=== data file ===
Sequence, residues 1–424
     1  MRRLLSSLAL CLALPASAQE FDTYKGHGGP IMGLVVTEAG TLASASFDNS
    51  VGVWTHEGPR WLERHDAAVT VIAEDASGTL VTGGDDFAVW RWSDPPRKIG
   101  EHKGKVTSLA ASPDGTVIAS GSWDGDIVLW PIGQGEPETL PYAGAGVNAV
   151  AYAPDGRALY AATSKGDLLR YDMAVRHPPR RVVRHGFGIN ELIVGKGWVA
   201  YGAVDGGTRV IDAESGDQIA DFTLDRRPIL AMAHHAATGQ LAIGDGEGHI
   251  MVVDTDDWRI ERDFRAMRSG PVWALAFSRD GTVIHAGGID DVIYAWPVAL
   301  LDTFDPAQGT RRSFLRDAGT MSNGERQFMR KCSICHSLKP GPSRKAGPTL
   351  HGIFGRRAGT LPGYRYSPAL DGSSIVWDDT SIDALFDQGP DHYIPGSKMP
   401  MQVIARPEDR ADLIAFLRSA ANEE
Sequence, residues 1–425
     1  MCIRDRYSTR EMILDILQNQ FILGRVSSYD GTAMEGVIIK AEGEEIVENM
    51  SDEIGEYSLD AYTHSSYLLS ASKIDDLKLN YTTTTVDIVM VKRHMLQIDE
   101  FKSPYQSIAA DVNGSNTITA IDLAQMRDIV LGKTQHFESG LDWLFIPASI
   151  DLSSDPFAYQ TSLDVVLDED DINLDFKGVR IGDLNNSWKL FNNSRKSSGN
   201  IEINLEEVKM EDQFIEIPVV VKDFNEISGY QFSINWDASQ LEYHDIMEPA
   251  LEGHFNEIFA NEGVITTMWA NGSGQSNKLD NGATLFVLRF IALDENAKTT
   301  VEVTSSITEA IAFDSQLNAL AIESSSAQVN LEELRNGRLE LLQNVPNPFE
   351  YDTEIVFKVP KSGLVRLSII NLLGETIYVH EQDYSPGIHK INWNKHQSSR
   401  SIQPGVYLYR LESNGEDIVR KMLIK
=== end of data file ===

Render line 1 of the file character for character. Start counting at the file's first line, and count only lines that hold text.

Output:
Sequence, residues 1–424